“I hate it!” Charles Wallace cried passionately. “I hate the Dark Thing!”
Mrs. Whatsit nodded. “Yes, Charles dear. We all do. That’s another reason we wanted to prepare you on Uriel. We thought it would be too frightening for you to see it first of all about your own, beloved world.”
“But what is it?” Calvin demanded. “We know that it’s evil, but what is it?”
“Yyouu hhave ssaidd itt!” Mrs. Which’s voice rang out. “Itt iss Eevill. Itt iss thee Ppowers of Ddarkknesss!”
“But what’s going to happen?” Meg’s voice trembled. “Oh, please, Mrs. Which, tell us what’s going to happen!”
“Wee wwill cconnttinnue tto ffightt!”
Something in Mrs. Which’s voice made all three of the children stand straighter, throwing back their shoulders with determination, looking at the glimmer that was Mrs. Which with pride and confidence.
“And we’re not alone, you know, children,” came Mrs. Whatsit, the comforter. “All though the universe it’s being fought, all through the cosmos, and my, but it’s a grand and exciting battle. I know it’s hard for you to understand about size, how there’s very little difference in the size of the tiniest microbe and the greatest galaxy. You think about that, and maybe it won’t seem strange to you that some of our very best fighters have come right from your own planet, and it’s a little planet, dears, out on the edge of a little galaxy. You can be proud that it’s done so well.”
“Who have our fighters been?” Calvin asked.
“Oh, you must know them dear,” Mrs. Whatsit said.
Mrs. Who’s spectacles shone out at them triumphantly, “And the light shineth in darkness; and the darkness comprehended it not.”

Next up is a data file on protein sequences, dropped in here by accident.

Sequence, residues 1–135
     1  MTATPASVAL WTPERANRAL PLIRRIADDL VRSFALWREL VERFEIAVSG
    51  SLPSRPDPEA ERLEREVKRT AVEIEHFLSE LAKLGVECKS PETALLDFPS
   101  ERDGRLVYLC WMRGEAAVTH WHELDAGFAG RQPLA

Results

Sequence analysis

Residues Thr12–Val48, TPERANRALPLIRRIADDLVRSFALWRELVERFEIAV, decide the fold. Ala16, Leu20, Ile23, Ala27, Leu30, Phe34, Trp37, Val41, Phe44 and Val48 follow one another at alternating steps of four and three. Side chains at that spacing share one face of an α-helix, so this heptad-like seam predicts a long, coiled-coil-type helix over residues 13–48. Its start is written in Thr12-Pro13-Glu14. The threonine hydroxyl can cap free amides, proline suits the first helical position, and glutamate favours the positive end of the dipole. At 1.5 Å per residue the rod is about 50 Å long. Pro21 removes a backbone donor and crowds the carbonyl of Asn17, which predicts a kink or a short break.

“Jesus!” Charles Wallace said. “Why of course, Jesus!”
“Of course!” Mrs. Whatsit said. “Go on, Charles, love. There were others. All your great artists. They’ve been lights for us to see by.”
“Leonardo da Vinci?” Calvin suggested tentatively. “And Michelangelo?”
“And Shakespeare,” Charles Wallace called out, “and Bach! And Pasteur and Madame Curie and Einstein!”
Now Calvin’s voice rang with confidence. “And Schweitzer and Gandhi and Buddha and Beethoven and Rembrandt and St. Francis!”
“Now you Meg,” Mrs. Whatsit ordered.
“Oh Euclid, I suppose.” Meg was in such agony of impatience that her voice grated irritably. “And Copernicus. But what about Father? Please, what about Father?”
“Wee aarre ggoingg tto yourr ffatherr,” Mrs. Which said.
“But where is he?” Meg went over to Mrs. Which and stamped as though she were as young as Charles Wallace.
Mrs. Whatsit answered in a voice that was low but quite firm. “on a planet that has given in. So you must prepare to be very strong.”
Couple of questions linger in my mind. Didn’t Shakespeare leave his wife and twin babies? And he’s considered a fighter of good. I guess all of his writings must have been penance for his previous evils. Well, we all know how the rest of the story turned out (If you don’t know or have never read “A Wrinkle In Time”, then get off the computer and head to the nearest bookstore or library and read the book. How in heavens name did you get out of elementary or middle school without reading this. I bet you never read any Julie Blume or Beverly Clearly either.) Well, I need to read more on good and evil. Unfortunately, my collection is lacking. I have a Bible, but I am not that familiar that I can turn to a book that focuses on evil. I would have to read the whole thing (Which isn’t a bad suggestion since it’s been a good while since I’ve read the whole thing.) I think this calls for a trip to my local Borders bookstore to do some research. **sigh** I can also stop over at Randy’s and pick up my present for the bookstore party tonight. Sounds like a plan.
Current mood: contemplative
Current music: Listening to Alice 97.3 on the radio
A 40-something rediscovering life in California